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Instructor Training: UC Davis

Feb 22-23, 2016

9:00 am - 4:30 pm

Trainers: Greg Wilson, Ariel Rokem

Helpers: Jessica Mizzi

Software Carpentry and Data Carpentry's mission is to help scientists and engineers get more research done in less time and with less pain by teaching them basic lab skills for scientific computing. This hands-on two-day workshop covers the basics of educational psychology and instructional design, and looks at how to use these ideas in both intensive workshops and regular classes. The workshop is a mix of lectures and hands-on lessons where you practice giving a short lesson using approaches learned and implement some of the teaching techniques which we will discuss. This is training for teaching, not technical training; you do not need any particular technical background, and we will not be teaching that. This workshop is based on the constantly revised and updated curriculum.

Who: The course is aimed at everyone who is interested in becoming a better teacher. In particular, this training is aimed at those who want to become Software and Data Carpentry instructors, run workshops and contribute to the Carpentry training materials. You don't currently have to be an instructor or a teacher to attend this workshop, but you do need to be willing and committed to becoming one and to improving your teaching techniques.

Where: The workshop will be held in the Data Science Initiative classroom on the second story of the Shields Library. The room is on the top right of the third floor map. The Shields Library is located in the NE corner of the UC Davis campus, fairly close to downtown and 1st Street (see here).

You can get directions with OpenStreetMap or Google Maps. Please also see this page for directions to the space. (It's not straightforward to find.)

Requirements: Participants should bring a laptop that is Internet connected and has a functioning browser. If you have it, a device for recording audio and video (mobile phones and laptops are OK) is useful as throughout the two days, we are going to record one another teaching in pairs or threes. It does not have to be high-quality, but it should be good enough that you can understand what someone is saying.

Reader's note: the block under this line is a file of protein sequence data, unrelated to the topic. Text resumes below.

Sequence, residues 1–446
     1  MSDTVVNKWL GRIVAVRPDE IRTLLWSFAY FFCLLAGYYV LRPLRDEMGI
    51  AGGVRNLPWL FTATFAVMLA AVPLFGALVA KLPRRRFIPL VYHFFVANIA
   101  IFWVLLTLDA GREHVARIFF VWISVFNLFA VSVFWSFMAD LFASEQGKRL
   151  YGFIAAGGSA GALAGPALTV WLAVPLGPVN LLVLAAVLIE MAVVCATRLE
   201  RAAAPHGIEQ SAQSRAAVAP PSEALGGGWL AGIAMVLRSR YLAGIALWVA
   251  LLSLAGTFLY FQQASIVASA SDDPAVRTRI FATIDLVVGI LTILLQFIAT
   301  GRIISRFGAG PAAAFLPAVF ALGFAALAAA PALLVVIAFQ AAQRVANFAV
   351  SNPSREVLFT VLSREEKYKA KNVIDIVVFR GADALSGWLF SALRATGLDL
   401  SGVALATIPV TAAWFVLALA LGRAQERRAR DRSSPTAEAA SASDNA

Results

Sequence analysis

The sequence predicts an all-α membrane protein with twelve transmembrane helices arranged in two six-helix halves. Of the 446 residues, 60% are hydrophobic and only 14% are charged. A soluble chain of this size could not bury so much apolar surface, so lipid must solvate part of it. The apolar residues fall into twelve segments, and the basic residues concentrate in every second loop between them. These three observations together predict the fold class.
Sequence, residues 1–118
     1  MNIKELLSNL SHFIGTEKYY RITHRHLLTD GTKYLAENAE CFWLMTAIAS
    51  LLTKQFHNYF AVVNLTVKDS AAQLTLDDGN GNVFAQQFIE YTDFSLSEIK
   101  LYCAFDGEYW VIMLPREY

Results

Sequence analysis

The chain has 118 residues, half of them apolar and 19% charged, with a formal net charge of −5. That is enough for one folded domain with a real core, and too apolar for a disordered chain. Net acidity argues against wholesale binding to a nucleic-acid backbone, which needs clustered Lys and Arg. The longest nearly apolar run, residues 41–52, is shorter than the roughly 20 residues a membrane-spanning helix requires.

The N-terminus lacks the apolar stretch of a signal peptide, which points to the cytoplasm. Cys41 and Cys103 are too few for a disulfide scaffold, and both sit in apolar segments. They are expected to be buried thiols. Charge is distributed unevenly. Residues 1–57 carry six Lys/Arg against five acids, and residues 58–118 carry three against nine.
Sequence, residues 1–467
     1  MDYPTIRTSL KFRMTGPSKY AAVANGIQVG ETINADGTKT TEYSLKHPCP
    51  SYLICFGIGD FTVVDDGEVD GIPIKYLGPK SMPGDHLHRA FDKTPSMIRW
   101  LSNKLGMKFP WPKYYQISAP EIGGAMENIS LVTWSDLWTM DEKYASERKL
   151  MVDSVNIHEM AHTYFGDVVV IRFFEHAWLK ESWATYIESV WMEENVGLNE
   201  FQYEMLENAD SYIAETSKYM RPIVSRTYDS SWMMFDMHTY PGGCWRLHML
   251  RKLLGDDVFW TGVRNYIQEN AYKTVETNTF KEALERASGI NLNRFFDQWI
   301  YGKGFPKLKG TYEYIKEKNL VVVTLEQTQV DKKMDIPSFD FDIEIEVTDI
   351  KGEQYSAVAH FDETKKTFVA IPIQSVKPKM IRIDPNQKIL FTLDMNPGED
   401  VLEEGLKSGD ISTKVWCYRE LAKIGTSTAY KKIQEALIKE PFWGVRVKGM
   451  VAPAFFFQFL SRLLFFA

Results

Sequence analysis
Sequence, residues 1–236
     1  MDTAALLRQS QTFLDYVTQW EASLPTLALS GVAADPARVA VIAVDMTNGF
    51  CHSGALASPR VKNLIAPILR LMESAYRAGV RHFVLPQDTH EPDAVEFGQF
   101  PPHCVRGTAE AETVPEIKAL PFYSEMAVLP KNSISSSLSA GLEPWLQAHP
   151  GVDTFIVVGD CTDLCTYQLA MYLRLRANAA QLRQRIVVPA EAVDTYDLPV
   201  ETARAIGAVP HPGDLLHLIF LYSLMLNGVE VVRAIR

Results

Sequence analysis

Please also read the Preparation section below. You will also receive some further information before the workshop so please check your email.

All participants are also required to abide by Software Carpentry's Code of Conduct.

Contact: Please email for more information.

Syllabus and Schedule

Please see this website for the course material.

Day 1

09:00 Welcome and introductions
09:30 Overview: key concepts and training goals
10:00 Formative vs. summative assessment
10:30 Coffee break
11:00 Teaching as performance art
12:00 Lunch break
13:00 Discussion on the exercise on teaching as performance art
14:00 Concept maps
14:30 Coffee break
15:00 Concept maps - continued
16:00 Motivation and demotivation. Diversity. Indifference.
16:45 Wrap-up
17:00 Close

Day 2

09:00 Recap and homework review
09:30 Alternative formative assessment techniques
10:30 Coffee break
11:00 Live coding and active learning
12:00 Lunch break
13:00 Overview of Software and Data Carpentry infrastructure
13:30 Setting up and running a workshop
14:30 Coffee break
15:00 Overview of existing materials; how to contribute
16:00 Next steps
16:45 Wrap-up
17:00 Close


  1. Please read Porter et al's "Success in Introductory Programming: What Works?", which is a good recent summary of results specific to teaching programming, and Mark Guzdial's "Top 10 Myths About Teaching Computer Science", which is a nice overview of things that are not true, but are widely believed.
  2. Please also pick up a copy of "How Learning Works", which is currently the best summary of research in education. It is full of useful insights, and a lot of how we teach is based on the findings it reports.
  3. Finally, please go to Software Carpentry's lessons page and Data Carpentry's lessons page to see what is currently taught by each.

If you are interested in doing more reading, Huston's "Teaching What You Don't Know" is a lot of fun - many will recognize themselves in these stories. Past participants have also enjoyed "Building a Better Teacher", which is a well-written look at why educational reforms in the past 50 years have mostly failed, and covers what we should be doing instead.